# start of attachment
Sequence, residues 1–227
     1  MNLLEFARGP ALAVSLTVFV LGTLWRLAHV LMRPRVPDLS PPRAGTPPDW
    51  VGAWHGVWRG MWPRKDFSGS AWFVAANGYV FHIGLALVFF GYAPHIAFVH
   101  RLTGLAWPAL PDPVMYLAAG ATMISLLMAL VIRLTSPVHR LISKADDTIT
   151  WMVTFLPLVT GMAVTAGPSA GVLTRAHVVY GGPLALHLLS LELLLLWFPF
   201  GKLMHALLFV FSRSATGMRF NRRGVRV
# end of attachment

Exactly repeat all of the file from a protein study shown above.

Sequence, residues 1–227
     1  MNLLEFARGP ALAVSLTVFV LGTLWRLAHV LMRPRVPDLS PPRAGTPPDW
    51  VGAWHGVWRG MWPRKDFSGS AWFVAANGYV FHIGLALVFF GYAPHIAFVH
   101  RLTGLAWPAL PDPVMYLAAG ATMISLLMAL VIRLTSPVHR LISKADDTIT
   151  WMVTFLPLVT GMAVTAGPSA GVLTRAHVVY GGPLALHLLS LELLLLWFPF
   201  GKLMHALLFV FSRSATGMRF NRRGVRV